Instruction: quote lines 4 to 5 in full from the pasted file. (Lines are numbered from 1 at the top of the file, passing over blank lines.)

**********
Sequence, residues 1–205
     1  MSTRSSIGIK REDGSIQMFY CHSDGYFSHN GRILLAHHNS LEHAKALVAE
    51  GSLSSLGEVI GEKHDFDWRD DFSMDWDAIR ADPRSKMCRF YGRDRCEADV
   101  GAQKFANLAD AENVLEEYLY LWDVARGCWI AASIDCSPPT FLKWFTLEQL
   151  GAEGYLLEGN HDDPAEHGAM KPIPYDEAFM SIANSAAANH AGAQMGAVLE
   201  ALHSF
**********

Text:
   101  GAQKFANLAD AENVLEEYLY LWDVARGCWI AASIDCSPPT FLKWFTLEQL
   151  GAEGYLLEGN HDDPAEHGAM KPIPYDEAFM SIANSAAANH AGAQMGAVLE